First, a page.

This is less a review than it is a caveat: My experience of “reading” the book was really more of a two star affair— however, I listened to it, and feel pretty confident that I would have enjoyed it more in the written word. The author reads the book herself, and during the parts that are supposed to be sad, she's reading in one of those choked-up/half-crying voices which is beyond annoying. But, what with lady scientist solidarity and such, I'm rounding up.
Deb (Readerbuzz) Nance
Apr 30, 2016 rated it it was amazing
Shelves: nature, science
Clue 1. Happy, exuberant state.
Clue 2. Read 290 pages in one sitting.
Clue 3. Desire to tell everyone about book.
Clue 4. No interest in picking up another book until euphoria subsides.

Analysis?

Yes, I read a fabulous book today. Hope Jahren combines the stories of her life with alternating and connected stories of the plant world to create a brilliant book. Five stars.
Connie G
Apr 22, 2016 rated it it was amazing
Hope Jahren's love of science comes through loud and clear in her memoir. She grew up in a rural Minnesota home where there was not much family interaction. The highlight of her day as a child was spending the afternoon in her father's science lab at the local community college. Jahren is presently a professor of geobiology at the University of Hawaii. Her memoir chronicles her personal history and the challenges of running her own laboratory. It also contains short chapters giving fascinating i ...more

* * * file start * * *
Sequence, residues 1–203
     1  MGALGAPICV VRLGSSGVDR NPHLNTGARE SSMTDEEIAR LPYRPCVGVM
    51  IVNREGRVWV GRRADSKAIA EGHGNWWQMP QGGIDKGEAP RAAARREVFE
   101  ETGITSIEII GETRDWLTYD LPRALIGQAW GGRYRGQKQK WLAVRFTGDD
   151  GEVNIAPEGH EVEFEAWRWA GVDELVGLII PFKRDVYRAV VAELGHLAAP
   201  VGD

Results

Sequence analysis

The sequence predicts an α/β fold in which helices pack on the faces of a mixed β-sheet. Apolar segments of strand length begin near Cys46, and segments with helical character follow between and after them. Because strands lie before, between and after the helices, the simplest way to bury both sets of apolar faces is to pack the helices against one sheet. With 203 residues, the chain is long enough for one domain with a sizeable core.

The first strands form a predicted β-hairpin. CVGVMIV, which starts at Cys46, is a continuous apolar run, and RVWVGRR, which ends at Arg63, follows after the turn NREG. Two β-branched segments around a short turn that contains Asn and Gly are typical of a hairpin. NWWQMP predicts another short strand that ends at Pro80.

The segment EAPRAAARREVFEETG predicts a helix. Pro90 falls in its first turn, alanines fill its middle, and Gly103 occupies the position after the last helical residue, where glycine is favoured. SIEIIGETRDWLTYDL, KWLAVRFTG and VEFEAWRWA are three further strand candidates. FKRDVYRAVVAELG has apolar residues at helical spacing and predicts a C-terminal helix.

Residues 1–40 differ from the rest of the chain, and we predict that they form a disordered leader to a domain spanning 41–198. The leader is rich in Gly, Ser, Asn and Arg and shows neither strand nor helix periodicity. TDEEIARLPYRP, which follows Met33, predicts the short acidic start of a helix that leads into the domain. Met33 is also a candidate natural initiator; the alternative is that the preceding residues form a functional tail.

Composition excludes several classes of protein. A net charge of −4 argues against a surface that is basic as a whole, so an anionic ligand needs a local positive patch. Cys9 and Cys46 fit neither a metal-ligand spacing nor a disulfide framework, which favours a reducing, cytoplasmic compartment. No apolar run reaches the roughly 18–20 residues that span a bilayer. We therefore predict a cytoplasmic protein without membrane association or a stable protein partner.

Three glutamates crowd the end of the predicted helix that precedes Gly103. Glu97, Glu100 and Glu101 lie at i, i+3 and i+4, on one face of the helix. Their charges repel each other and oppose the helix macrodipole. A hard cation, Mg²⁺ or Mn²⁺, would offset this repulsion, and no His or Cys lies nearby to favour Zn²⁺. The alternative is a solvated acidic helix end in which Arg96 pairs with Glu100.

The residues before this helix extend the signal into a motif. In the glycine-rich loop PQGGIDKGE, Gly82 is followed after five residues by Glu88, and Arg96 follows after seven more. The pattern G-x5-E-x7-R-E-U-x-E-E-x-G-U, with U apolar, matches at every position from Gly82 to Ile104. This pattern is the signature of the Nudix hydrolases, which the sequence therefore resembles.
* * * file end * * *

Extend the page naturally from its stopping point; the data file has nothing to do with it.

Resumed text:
Chrissie
The book is not bad, it is OK. It spreads itself thin.

It is an autobiography of one specific woman, a woman both ordinary and exceptional. The book depicts the life of a female botanical research scientist at the turn of the 21st century, a central issue being the difficulty in attaining adequate research grants to survive on. It is about friendship. It is about choosing where one's main interests lie - family or job. What I think it does best is draw the author's fervent passion for plants, re
...more
Joseph
Apr 12, 2016 rated it it was amazing
Full disclosure: I knew Hope in high school, lost touch after graduation and reconnected 20+ years later (see? it's possible for good to come of Facebook!), so I'm not going to even pretend to be objective.

But if were to pretend, I might point out that this book is about trees and science and love and sheer bloodymindedness and may or may not have made me cry.